According to GasBuddy, the average price of a gallon of gas in Alaska is $3.36. That’s the sixth-highest average price in the nation. On the upside, an Insure.com report from 2019 shows that Alaska has a $1,183 average annual car insurance premium. This compares favorably to the $1,457 national average.

There are also plenty of places in Alaska that you cannot get to via road. To make your way there, you might have to take a boat or a small plane. Even Juneau, Alaska’s capital, is only accessible by plane or ferry. This makes it even more expensive if you’re looking to travel around the state.

Healthcare Costs

Alaskans pay a lot for healthcare compared to even other states in the country. According to a report from the Health Care Cost Institute, the overall healthcare prices in the Anchorage metro area are an astounding 82% higher than the national median. To make matters worse, Alaska private company employees contribute $99 more than the national average for single coverage healthcare, according to a report from the Agency for Healthcare Research and Quality. The scarcity of providers might be one of the major reasons for this.

Alaskan Taxes

Alaska has no state income tax and it doesn’t have a state sales tax, either, though some cities impose their own sales taxes up to 7.50%. The average effective property tax rate in Alaska is 1.19%, which is coincidentally the same as the national average. You should analyze how the lack of a state income tax can improve the cost of living depending on your personal situation.

Alaska Pays Its Residents

So how does the state make money if taxes are low? Resource-rich Alaska gets money for its oil wealth. Some of that money was put into a permanent fund that accumulates value on the stock market. This is called the Alaska Permanent Fund. Every year, the state distributes some of the fund’s earnings to each Alaskan in the form of a check. Based on data from the Alaska Department of Revenue, the payout has been more than $1,o00 per year in the past.

The Bottom Line

Cost of Living in Alaska

Alaska can be more expensive to live in than many people who live in the lower 48 states realize. The landscape and weather are closer to some of the more affordable places to live in the rest of the states so it’s natural to think that. However, without a good transportation solution and the added costs of things related to scarcity, you end up paying for the beautiful scenery in the state. It’s important to weigh that cost before moving.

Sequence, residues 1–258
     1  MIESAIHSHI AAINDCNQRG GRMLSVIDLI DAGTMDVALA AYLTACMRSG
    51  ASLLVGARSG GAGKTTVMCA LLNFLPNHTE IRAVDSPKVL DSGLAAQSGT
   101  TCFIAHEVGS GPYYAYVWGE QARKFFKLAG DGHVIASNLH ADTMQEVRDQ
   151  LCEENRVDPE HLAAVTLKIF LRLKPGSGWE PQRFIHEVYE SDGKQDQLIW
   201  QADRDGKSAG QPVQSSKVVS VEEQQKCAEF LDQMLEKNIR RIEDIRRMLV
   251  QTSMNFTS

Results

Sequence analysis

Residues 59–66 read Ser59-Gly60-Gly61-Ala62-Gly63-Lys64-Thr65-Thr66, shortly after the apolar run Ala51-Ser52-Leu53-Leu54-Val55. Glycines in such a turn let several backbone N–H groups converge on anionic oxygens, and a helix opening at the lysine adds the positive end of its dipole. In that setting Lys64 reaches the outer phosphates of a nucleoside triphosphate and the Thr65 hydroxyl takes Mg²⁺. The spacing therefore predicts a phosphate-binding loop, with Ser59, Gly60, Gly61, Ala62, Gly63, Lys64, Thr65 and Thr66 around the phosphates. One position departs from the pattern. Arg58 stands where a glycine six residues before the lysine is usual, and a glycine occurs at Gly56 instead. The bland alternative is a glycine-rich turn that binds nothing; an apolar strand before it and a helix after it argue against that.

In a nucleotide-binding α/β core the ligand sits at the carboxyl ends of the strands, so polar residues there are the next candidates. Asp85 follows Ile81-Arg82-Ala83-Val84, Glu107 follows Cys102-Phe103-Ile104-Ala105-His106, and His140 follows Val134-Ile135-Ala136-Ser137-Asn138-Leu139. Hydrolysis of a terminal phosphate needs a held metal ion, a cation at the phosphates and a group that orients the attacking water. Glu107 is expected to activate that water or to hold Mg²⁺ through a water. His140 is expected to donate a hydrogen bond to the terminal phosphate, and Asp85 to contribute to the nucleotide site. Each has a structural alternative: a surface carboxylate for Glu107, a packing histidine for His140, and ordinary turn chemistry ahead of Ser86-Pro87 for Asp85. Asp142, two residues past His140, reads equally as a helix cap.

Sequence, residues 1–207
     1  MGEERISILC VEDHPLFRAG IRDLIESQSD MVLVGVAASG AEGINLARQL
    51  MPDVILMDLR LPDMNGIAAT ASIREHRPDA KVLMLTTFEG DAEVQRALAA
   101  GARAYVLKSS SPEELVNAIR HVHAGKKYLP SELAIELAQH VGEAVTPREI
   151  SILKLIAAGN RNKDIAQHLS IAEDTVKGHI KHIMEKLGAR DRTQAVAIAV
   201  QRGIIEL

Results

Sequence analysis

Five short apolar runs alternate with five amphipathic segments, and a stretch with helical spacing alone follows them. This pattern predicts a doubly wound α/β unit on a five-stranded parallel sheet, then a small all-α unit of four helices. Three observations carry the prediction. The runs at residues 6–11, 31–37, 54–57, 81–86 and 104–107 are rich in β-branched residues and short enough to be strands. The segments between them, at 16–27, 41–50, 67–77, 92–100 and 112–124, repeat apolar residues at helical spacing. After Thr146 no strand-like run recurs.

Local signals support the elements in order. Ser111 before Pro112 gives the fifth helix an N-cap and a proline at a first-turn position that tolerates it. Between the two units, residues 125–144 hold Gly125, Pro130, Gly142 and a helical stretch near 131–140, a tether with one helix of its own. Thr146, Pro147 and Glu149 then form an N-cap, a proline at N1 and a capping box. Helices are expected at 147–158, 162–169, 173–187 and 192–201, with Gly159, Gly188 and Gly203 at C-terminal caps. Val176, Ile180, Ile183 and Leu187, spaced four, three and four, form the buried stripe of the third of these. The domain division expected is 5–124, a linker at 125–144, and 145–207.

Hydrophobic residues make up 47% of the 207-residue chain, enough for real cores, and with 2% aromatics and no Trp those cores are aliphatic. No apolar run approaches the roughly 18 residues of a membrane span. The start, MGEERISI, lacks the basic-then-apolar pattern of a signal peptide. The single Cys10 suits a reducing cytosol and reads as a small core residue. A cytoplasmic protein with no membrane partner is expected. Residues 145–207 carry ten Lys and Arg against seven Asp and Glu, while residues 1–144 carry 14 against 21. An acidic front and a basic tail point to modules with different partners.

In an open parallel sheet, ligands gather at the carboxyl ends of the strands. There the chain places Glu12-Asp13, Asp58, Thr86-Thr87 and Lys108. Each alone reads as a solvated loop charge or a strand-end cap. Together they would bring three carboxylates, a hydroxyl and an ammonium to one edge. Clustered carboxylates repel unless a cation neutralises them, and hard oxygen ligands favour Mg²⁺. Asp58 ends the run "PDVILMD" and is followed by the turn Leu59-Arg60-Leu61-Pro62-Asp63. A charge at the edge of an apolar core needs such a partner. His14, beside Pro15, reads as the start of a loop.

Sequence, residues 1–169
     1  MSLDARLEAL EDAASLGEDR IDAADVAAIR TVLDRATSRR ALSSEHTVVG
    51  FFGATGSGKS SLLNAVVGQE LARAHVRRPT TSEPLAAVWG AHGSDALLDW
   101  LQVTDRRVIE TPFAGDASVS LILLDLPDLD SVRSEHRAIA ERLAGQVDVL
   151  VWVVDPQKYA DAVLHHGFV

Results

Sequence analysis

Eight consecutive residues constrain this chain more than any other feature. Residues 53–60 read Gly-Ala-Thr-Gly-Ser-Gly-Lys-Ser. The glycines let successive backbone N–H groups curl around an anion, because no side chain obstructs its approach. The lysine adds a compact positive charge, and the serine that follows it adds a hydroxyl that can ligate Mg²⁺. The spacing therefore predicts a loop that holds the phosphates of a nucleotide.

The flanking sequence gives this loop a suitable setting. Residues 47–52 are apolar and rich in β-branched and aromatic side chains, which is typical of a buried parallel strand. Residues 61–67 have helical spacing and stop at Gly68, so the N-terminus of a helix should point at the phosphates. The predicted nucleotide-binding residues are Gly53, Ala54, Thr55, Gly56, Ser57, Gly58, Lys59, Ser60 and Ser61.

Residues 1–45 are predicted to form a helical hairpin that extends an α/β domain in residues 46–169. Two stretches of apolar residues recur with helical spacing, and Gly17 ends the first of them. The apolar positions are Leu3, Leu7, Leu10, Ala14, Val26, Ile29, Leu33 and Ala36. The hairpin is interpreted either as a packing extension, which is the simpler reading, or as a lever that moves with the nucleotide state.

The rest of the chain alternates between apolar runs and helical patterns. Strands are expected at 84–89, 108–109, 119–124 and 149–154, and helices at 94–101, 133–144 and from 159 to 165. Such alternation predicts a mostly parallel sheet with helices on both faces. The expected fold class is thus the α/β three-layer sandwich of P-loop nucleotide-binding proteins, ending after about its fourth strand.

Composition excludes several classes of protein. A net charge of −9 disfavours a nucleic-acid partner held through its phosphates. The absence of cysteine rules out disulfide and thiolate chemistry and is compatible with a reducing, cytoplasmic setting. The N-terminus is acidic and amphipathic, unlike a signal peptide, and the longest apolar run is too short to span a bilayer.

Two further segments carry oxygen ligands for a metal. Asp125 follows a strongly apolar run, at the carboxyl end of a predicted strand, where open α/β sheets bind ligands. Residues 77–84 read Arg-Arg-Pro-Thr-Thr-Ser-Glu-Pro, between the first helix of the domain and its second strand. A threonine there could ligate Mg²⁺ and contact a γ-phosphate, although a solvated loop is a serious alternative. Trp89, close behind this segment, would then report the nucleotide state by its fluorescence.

Next Steps for Your Move to Alaska

  • Financial advisors can be a big help when you’re dealing with the financial stresses of moving to a new state. Finding the right financial advisor that fits your needs doesn’t have to be hard. SmartAsset’s free tool matches you with up to three financial advisors who serve your area, and you can interview your advisor matches at no cost to decide which one is right for you. If you’re ready to find an advisor who can help you achieve your financial goals, get started now.
  • If you’ll be starting a new job, your paycheck may end up looking quite different than it does now. Try using our Alaska paycheck calculator to estimate what your new take-home pay will be in “The Last Frontier.”
  • You can also check out our listing of the top financial advisors in Anchorage, Alaska if you’re interested in only reaching out to the financial advisors with the highest rankings who also serve the area.

Photo credit: ©iStock.com/Jodi Jacobson, ©iStock.com/John Morrison, ©iStock.com/Moyo Studio

Amelia Josephson Amelia Josephson is a writer passionate about covering financial literacy topics. Her areas of expertise include retirement and home buying. Amelia's work has appeared across the web, including on AOL, CBS News and The Simple Dollar. She holds degrees from Columbia and Oxford. Originally from Alaska, Amelia now calls Brooklyn home.